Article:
In Other Words … Season 2, Episode 25

Reading Time: 2 minutes
The afterglow of sunset lingers over the highway after yet another thunderstorm in Websterville, Vermont, July 13, 2023. By Howard Fielding. Offered under Creative Commons license CC BY-NC-ND 4.0.

This will be a short post after a long and dramatic week. Drama is good for a writer. All stories need some elements of conflict, of the unexpected, of chaos. All need contrast.

Conflict, chaos, and contrast in our own lives can contribute inspiration and experience for our writing. But together, they can suck time away from our work.

This week we experienced, or at least witnessed, some of the classic conflicts that can become fodder for great stories:

  • Man vs. Nature. After a rainy spring and early summer, a torrential rainstorm swept through Vermont. Our place isn’t near any of the river valleys, which were hit worst. The photo above is of the calm after the storm — one that added to the floods of earlier in the week.

    Our daughter lives in Barre, where the main streets were passable only by boat. The state capital in Montpelier was badly hit; a friend’s church there may never reopen. When I worked at the Journal Opinion in Bradford, its office was on the riverbank by the dam. It would have been washed away if the building hadn’t been razed long ago.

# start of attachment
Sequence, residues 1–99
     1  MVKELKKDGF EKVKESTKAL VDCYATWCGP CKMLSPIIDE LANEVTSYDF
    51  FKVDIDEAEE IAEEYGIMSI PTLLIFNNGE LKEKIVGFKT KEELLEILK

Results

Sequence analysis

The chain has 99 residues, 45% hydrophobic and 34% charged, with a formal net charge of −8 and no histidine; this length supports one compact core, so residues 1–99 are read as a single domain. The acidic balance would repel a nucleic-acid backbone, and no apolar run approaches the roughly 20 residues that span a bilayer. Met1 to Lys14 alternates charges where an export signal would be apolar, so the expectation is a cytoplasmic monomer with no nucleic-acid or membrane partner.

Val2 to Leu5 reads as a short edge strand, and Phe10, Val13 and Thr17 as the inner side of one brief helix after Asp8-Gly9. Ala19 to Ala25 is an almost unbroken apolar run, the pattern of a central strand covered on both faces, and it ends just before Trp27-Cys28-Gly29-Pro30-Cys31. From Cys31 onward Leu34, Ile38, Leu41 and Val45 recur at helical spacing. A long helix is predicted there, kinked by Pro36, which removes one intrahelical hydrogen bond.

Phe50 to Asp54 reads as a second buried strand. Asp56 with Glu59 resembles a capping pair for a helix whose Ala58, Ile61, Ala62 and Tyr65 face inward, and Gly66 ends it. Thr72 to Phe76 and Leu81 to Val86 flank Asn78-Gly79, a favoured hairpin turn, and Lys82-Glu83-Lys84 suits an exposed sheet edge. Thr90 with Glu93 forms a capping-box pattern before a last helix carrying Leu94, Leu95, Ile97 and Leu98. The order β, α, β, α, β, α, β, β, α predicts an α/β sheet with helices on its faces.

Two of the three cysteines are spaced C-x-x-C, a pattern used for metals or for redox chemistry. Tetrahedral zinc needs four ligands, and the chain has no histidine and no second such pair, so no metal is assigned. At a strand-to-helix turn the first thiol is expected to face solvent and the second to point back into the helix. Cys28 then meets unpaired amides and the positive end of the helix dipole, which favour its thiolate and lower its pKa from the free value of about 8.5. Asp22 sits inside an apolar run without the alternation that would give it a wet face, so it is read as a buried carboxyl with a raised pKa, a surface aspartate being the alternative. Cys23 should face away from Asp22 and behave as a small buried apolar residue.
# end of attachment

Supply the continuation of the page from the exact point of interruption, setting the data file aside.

• Man vs. Time. A friend from our own church, Dr. Kristaps Keggi, the author of My Century, died unexpectedly last week. The memorial service was this week, and our church scrambled to prepare our venue.

    Dr. Keggi had an international circle of friends and colleagues in the medical community and we wanted to honor him by hosting them appropriately. Thanks to a team effort, the service went from stressful to successful.
  • Control vs. Chaos. No, not KAOS, the international network of evil from Get Smart. It’s the eternal struggle of order vs. disorder. In our case, we returned to our Vermont place after two months away only to find the driveway overgrown with weeds, the exterior paint peeling, and, soon, the first floor a pile of rubble as renovations get underway.

Conflict and chaos take time and effort to control in real life, let alone the writing life. As an old-school journalist, I deal with them by setting deadlines. From there, it’s a matter of triage. What must be done now, and why? What must I do now so someone else in the process can do their job?

Often, anything without a deadline will be set aside while the others take priority. In juggling life and work, often this means a setback for the work. Blogging like this keeps me on track with regular deadlines, which sometimes cuts into longer-term projects.

This week I hope to move ahead with more on the Bubble Wrap book. The History Channel launches “The Mega-Brands That Built America” next week, but there’s no telling when or if they’ll use my interview. I hope to have a draft of my project wrapped up in time to promote it with the show. Time will tell.

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